The past week has been dominated by Apple Music news, but how about making songs rather than just listening to them?
GarageBand is awesome software – unlike its perennially frustrating cousin iTunes – that makes songwriting on iOS and OS X really easy. But the problem is, it’s an Apple-only affair.
Soundtrap is a new browser-based music creation program that takes the same simple yet powerful approach and combines it with an HTML5 interface and video features that make it easy to collaborate with other musicians wherever they are.
Continuing Sweden’s track record for music startups – Spotify, SoundCloud, and Tidal all started life there – the company is based in Stockholm. Its CEO Per Emanuelson explains:
Music has always been strong in Sweden, not only with startups but also with bands. Abba, of course! We have a strong music education system. You play instruments from a young age, not just at school.
I think it’s also because the Swedes are pretty good at English, which means our music can take off abroad. We are such a small country, we have to go beyond our borders.
And if you think I hammered the GarageBand comparison a bit too much earlier in this article, the Soundtrap co-founder disagrees. He mentioned it first:
When Steve Jobs introduced GarageBand, he said that half of American households have an active musician in them. However, most of the tools available today focus on the pro-musician. Some people cannot handle all of these options but are still very talented musically.
We thought: how do you make this as usable as Instagram, while still having quality?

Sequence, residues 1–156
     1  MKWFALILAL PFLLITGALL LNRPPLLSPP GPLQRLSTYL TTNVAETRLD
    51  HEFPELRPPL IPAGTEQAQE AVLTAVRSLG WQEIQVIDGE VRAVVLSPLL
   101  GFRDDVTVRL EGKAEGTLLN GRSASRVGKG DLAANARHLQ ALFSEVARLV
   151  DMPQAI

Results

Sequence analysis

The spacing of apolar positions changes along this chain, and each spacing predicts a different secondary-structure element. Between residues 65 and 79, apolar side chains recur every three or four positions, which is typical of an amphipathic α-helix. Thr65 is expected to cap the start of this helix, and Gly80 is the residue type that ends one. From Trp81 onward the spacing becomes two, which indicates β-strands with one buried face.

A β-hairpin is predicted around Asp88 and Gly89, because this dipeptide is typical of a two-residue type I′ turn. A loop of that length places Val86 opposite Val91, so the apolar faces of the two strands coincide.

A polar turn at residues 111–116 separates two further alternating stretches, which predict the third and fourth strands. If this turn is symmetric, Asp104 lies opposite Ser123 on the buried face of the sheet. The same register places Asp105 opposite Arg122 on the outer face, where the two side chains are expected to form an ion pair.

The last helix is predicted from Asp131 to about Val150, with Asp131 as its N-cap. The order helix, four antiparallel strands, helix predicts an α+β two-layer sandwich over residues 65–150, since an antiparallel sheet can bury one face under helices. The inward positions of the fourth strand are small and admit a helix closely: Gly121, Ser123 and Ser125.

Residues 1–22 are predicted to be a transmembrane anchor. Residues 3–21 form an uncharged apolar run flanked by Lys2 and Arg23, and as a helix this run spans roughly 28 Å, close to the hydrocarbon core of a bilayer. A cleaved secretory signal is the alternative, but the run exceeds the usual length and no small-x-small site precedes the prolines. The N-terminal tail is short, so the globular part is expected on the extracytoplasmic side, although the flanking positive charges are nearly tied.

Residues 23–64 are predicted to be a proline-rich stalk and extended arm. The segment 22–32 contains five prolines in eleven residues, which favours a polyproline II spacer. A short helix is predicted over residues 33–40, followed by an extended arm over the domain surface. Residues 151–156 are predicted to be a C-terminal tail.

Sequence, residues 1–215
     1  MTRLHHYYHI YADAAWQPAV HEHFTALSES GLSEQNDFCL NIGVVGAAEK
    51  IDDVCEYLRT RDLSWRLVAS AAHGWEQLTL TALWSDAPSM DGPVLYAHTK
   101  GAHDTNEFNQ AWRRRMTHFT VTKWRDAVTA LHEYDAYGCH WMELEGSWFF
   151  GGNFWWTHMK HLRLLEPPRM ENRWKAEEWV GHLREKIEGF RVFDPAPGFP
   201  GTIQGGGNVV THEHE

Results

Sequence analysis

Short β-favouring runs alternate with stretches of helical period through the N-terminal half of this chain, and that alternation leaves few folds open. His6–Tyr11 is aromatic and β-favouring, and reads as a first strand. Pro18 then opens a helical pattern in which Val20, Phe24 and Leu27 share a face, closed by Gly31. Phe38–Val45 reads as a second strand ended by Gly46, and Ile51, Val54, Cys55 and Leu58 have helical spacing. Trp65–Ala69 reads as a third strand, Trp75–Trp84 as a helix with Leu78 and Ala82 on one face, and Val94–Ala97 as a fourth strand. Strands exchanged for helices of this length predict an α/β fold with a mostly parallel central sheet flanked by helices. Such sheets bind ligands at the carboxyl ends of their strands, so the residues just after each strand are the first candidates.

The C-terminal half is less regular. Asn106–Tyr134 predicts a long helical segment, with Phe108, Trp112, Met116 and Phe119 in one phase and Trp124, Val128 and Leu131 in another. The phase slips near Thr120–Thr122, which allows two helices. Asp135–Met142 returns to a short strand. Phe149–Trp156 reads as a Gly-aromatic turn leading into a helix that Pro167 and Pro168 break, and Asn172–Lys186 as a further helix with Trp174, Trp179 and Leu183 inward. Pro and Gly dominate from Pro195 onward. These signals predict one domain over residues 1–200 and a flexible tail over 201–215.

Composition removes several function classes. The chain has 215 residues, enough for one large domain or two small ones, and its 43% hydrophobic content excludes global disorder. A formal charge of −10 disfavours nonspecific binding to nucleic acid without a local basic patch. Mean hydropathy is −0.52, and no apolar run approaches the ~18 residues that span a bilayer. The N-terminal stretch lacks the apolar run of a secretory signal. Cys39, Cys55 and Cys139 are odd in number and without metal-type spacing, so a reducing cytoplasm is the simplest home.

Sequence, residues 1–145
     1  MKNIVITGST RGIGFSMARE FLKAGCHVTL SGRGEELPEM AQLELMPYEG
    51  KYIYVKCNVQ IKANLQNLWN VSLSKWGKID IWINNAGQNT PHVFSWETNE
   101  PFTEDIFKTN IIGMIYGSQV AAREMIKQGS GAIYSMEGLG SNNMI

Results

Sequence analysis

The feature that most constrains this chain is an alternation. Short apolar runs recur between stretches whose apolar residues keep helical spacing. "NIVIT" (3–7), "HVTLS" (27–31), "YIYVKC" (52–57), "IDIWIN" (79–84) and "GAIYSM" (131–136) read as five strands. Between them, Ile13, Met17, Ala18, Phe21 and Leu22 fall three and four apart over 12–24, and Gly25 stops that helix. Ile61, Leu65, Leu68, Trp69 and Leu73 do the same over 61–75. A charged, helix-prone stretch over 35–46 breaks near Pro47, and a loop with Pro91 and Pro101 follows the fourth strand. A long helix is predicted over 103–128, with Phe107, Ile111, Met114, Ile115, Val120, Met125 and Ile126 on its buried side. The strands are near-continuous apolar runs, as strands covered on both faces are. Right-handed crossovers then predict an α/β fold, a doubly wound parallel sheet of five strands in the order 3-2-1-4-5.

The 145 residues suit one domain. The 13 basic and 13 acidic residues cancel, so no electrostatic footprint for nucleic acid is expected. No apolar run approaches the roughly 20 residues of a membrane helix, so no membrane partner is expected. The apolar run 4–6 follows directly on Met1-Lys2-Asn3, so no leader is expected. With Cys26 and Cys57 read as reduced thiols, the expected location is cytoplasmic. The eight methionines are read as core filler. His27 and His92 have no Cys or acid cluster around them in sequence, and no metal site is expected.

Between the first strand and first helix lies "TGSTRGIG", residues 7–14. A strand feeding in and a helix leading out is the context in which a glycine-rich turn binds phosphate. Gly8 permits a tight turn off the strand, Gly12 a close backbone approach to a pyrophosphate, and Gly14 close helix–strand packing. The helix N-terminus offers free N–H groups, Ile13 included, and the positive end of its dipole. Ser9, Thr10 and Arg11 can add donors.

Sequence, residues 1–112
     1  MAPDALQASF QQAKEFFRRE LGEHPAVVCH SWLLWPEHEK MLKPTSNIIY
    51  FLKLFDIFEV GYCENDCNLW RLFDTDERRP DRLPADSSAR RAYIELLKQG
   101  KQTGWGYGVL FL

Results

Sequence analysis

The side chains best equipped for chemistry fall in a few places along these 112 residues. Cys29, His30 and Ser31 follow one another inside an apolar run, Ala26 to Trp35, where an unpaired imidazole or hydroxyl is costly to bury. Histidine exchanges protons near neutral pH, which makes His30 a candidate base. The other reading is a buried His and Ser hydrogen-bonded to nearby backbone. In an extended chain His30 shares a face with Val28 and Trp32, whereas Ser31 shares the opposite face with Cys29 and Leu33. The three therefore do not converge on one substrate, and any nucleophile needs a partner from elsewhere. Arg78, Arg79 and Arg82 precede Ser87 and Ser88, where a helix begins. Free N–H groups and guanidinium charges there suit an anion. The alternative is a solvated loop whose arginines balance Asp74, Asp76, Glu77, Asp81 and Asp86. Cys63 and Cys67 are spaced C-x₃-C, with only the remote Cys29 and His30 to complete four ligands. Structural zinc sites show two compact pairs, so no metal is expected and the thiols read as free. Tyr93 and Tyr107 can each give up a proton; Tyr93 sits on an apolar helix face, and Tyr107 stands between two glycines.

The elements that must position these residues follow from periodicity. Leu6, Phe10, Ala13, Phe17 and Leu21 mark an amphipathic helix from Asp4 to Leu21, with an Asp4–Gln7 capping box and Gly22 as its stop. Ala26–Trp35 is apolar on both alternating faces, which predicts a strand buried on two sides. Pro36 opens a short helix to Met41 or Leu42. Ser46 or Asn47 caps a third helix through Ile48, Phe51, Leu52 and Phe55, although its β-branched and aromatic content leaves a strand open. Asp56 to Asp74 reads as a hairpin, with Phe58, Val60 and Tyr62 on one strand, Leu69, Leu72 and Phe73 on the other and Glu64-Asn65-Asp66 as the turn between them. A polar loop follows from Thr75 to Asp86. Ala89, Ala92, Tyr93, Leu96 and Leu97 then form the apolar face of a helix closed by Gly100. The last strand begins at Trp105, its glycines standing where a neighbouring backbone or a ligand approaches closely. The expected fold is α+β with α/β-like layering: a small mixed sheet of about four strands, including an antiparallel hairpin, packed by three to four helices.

The result is an app that features the multitrack timeline familiar to most modern recording applications, coupled with an extensive library of loops (which are automatically transposed into whatever key you use), built-in instruments, and the ability to record. your own in various ways.
In-app instruments are easy to play with touch on mobile devices and your keyboard when composing on the desktop.
Under the hood, Soundtrap uses the Web Audio and WebRTC APIs, which the company has enjoyed very much since releasing its minimum viable product in late 2013. It was invited to Google I / O last year and was released. repeatedly evident for the application of new web technologies.
Emanuelson says the app’s user base has grown from 20,000 to 120,000 in the past two months, with educators especially fans.
From my brief time playing with the Soundtrap, I can certainly see the appeal. Going from an unreliable Skype conversation to a video call in the virtual studio with Emanuelson was incredibly refreshing.
Lag means you’re not going to be using the service for live jams, but it makes collaborating on a song very easy and if your connection is good enough it can even work well as a virtual rehearsal room.
The real potential is for Soundtrap to become the darling of Garage Band and Google Docs. By letting you share and collaborate on tracks both simultaneously and asynchronously, it’s much easier to work on music with anyone in the world.
The free package gives you access to 480 loops and allows you to create up to 5 projects with 125 instruments. There is a 30 day free trial of the paid plans.
The ‘Premium’ option costs $ 9.56 (£ 6.14) per month if you pay annually or £ 12.74 (£ 8.18) on a monthly basis and gives you 1,290 loops, unlimited projects and 152 instruments.
The cheapest “Pro” option is $ 4.76 (£ 3.06) per month if you pay annually or $ 6.37 (£ 4.09) month-to-month for a library of 930 loops, 50 projects and 133 instruments.
If you want a place to make music that will work on any of your devices and are looking for a place where you can collaborate with friends whatever platform they prefer, Soundtrap is definitely worth a visit. .
With a free trial of the paid features, you have nothing to lose. However, if you are already deeply rooted in an existing recording app, there is still likely a learning curve and you may not want to make the switch.
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